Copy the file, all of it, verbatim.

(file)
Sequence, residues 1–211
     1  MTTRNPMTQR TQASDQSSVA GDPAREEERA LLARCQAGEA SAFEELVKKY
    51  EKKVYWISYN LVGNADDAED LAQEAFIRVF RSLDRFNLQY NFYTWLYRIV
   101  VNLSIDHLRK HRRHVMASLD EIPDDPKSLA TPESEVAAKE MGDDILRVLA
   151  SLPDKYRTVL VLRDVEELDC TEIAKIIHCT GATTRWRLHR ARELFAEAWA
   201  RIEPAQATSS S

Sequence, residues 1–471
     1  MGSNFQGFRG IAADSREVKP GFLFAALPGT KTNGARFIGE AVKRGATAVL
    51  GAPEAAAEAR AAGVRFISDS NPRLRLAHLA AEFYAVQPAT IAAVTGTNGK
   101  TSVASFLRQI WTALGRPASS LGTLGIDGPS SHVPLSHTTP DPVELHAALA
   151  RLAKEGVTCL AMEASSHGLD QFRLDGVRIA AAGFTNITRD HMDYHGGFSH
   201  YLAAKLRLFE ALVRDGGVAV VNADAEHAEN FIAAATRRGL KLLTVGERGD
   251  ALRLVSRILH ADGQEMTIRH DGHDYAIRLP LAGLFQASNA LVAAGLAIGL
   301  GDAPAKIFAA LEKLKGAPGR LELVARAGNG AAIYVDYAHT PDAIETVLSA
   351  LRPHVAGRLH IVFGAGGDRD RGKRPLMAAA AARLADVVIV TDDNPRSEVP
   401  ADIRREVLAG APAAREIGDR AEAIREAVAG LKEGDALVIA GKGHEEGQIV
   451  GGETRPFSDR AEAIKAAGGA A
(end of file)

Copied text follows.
Sequence, residues 1–211
     1  MTTRNPMTQR TQASDQSSVA GDPAREEERA LLARCQAGEA SAFEELVKKY
    51  EKKVYWISYN LVGNADDAED LAQEAFIRVF RSLDRFNLQY NFYTWLYRIV
   101  VNLSIDHLRK HRRHVMASLD EIPDDPKSLA TPESEVAAKE MGDDILRVLA
   151  SLPDKYRTVL VLRDVEELDC TEIAKIIHCT GATTRWRLHR ARELFAEAWA
   201  RIEPAQATSS S

Sequence, residues 1–471
     1  MGSNFQGFRG IAADSREVKP GFLFAALPGT KTNGARFIGE AVKRGATAVL
    51  GAPEAAAEAR AAGVRFISDS NPRLRLAHLA AEFYAVQPAT IAAVTGTNGK
   101  TSVASFLRQI WTALGRPASS LGTLGIDGPS SHVPLSHTTP DPVELHAALA
   151  RLAKEGVTCL AMEASSHGLD QFRLDGVRIA AAGFTNITRD HMDYHGGFSH
   201  YLAAKLRLFE ALVRDGGVAV VNADAEHAEN FIAAATRRGL KLLTVGERGD
   251  ALRLVSRILH ADGQEMTIRH DGHDYAIRLP LAGLFQASNA LVAAGLAIGL
   301  GDAPAKIFAA LEKLKGAPGR LELVARAGNG AAIYVDYAHT PDAIETVLSA
   351  LRPHVAGRLH IVFGAGGDRD RGKRPLMAAA AARLADVVIV TDDNPRSEVP
   401  ADIRREVLAG APAAREIGDR AEAIREAVAG LKEGDALVIA GKGHEEGQIV
   451  GGETRPFSDR AEAIKAAGGA A